Tyler Vendetti
May 22, 2015 10:56 am

Pull your Scrabble boards out: your favorite word game is about to get a lot more competitive. Earlier this week, the Collins Official Scrabble Dictionary announced that it had added over 6,500 words to its collection, marking the first time the guide had been updated since 2011. Helen Newstead, head of language content at Collins, explained the new entries, stating that the growth of the Internet has necessitated the inclusion of slang. Those of us who struggle to find words more creative than “bee” in Scrabble can rejoice in some of Newstead’s proposals. For example:

1) Shizzle (phrase): sure, of course

To recognize this word, you’ll have to reach deep into your brain, into the dark depths of middle school, in order to find all of those yearbook notes reading “I’ll see you this summer, fo’ shizzle!” or “fo’ shizzle my nizzle, I’m definitely coming to your future wedding with Aaron Carter.” That’s the only context I’ve heard (or ever want to hear) shizzle used in, so I can only assume it functions as an alternative to “for sure” or “of course.”

2) Cakehole (n.): a person’s mouth

The worst kind of slang is the kind that teases you with thoughts of delicious food, even though it has nothing to do with said delicious food. You can imagine my disappointment at the addition of “cakehole,” then, to the official Scrabble dictionary. Cakehole, used primarily by angry parents in telling their children to stop complaining (“Close your cakehole! We’re going to the beach, end of story!”), has no relation to Munchkins or cupcakes or really any other type of pastry. I know, I’m sad too.

3) Dench (adj.): nice, awesome

I like to think Judi Dench inspired this word but it seems to have appeared out of thin air, which is much less exciting. Dench is a synonym for “nice” as in “James Bond did a dench job stopping those villains.” A warning to all of you planning on integrating this word into your compliments: it doesn’t sound as nice as you think it does. (i.e. “My, my, don’t you just look dench today.”)

4) Lolz (n.): expression of laughter or enjoyment

There has been some controversy over where exactly “lolz” comes from. Some claim it’s a pluralized version of “lol” (to avoid ever having to say “lololololololol” aloud, I’m assuming). Others claim it stands for “laugh out loud, zebra.” Actually, only one person says that, some user on UrbanDictionary, but I thought it was significant enough to warrant a mention. No word on whether “lawlz” or “rofltcopter” have been accepted by Collins.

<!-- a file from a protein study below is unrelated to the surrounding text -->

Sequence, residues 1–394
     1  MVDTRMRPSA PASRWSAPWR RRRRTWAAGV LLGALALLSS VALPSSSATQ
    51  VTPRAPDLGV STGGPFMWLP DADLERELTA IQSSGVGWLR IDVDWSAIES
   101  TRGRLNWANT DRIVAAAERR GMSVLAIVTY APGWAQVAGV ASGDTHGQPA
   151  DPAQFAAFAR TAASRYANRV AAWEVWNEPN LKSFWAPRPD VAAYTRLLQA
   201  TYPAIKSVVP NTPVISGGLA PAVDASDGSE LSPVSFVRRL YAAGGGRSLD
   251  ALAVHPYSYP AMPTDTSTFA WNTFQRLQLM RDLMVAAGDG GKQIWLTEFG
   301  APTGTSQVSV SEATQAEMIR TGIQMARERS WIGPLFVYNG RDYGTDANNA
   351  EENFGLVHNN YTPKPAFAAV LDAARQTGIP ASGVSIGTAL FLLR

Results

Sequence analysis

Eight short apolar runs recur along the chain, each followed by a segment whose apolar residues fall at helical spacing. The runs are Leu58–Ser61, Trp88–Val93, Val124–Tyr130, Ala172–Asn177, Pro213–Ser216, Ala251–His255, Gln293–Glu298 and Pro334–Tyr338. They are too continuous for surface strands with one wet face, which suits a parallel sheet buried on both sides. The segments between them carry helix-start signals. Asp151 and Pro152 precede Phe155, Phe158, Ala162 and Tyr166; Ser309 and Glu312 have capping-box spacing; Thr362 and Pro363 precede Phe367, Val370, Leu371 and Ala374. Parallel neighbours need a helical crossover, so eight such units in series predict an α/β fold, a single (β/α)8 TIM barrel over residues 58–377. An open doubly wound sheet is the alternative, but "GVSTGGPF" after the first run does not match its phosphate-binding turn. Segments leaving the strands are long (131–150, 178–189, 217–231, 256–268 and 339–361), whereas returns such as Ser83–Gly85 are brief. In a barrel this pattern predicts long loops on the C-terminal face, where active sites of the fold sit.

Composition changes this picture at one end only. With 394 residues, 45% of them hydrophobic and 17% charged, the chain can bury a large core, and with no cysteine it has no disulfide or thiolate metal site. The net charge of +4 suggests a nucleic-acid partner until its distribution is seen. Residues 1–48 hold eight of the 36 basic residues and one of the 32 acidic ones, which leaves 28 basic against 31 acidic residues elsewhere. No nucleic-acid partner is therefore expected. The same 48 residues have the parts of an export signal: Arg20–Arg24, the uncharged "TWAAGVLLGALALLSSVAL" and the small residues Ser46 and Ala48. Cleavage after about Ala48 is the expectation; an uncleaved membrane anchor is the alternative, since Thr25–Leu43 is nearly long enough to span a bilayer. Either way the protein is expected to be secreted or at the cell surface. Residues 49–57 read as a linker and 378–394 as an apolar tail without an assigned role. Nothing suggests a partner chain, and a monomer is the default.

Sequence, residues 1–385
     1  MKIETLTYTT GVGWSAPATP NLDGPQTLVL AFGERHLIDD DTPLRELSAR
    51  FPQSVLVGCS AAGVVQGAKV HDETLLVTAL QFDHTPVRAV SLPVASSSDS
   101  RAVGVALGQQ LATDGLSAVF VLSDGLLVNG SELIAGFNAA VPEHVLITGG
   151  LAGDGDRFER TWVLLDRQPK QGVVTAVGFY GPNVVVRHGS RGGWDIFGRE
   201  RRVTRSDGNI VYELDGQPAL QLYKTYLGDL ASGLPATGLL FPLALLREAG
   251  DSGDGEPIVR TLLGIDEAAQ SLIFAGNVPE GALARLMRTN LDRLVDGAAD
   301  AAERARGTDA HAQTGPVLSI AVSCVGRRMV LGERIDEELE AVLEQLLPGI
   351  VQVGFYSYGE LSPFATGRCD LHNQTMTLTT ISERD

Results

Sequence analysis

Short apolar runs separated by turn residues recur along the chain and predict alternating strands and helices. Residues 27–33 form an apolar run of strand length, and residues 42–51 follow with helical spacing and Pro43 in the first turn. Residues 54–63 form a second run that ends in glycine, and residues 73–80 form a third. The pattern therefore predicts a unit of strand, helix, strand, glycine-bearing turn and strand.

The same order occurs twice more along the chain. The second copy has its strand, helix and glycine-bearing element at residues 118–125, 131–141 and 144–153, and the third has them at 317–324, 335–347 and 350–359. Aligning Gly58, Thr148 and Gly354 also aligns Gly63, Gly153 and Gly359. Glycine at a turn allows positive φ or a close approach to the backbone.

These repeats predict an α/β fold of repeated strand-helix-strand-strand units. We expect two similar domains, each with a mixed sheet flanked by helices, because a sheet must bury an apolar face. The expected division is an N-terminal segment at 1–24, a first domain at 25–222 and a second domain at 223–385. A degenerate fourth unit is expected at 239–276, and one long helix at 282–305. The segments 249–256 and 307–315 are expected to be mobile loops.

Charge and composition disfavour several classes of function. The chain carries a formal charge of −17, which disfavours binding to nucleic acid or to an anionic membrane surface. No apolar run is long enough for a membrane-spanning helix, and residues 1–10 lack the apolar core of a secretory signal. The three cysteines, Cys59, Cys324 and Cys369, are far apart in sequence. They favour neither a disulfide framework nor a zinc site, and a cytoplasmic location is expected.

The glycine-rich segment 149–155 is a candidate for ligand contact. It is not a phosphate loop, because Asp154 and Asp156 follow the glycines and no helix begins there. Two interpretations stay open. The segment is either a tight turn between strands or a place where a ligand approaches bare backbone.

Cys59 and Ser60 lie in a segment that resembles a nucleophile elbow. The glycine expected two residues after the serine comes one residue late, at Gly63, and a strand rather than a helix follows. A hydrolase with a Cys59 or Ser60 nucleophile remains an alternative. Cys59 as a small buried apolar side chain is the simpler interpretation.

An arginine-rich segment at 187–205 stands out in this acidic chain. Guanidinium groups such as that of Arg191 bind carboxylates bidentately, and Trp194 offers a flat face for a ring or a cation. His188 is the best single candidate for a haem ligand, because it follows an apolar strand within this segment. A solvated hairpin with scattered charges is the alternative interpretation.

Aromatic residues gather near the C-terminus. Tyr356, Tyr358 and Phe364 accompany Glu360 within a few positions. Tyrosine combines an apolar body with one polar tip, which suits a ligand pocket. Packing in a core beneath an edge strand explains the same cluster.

5) Ixnay (interjection): an exclamation expressing rejection

“Ixnay on the ooties-cay” is a phrase that I spent far too long trying to construct, probably because it was invented by teenage girls back in the day to talk about boys without them knowing. What I’m talking about here is Pig Latin, a made-up language that involves taking the first letter of every word and tagging it onto the end followed by “ay.” Ixnay started as a Pig Latin term for “nix” as in “nix the broccoli idea,” but as it grew more popular, it started to be recognized as its own term which completely defeats the purpose of having a code language, but moving on…

6) Cazh (adj.): casual

Well, I’m stumped. I didn’t think putting a “z” and an “h” next to each other in such a small word was kosher but apparently I was wrong. Cazh is the shortened version of “casual” for those who are too “cazh” to pronounce the entire word. But hey, a four-letter word and a z/h/c combination may be helpful when you’re in a word pickle, so I’m not complaining.

7) Hacktivist (n.): hacker that hacks for activist causes

Here’s one choice that when compared to the others on this list is slightly more legitimate. Hacktivist is a portmanteau between hacker and activist and has become significantly more important in today’s world as a result of hacking groups.

8) Bezzy (n.): best friend

Bezzy adds a bit of pizazz to the regular best friend slang word, and it guarantees the player at least 20 points from the get go. Still waiting to hear whether or not BFF will make the cut.

9) Onesie (n.): a one-piece outfit, usually a form of sleepwear

Yes, yes, a million times yes. Onesie won’t be particularly helpful in racking up the points but it will certainly enhance your playing experience when you get to play the word onesie while sitting in your onesie.

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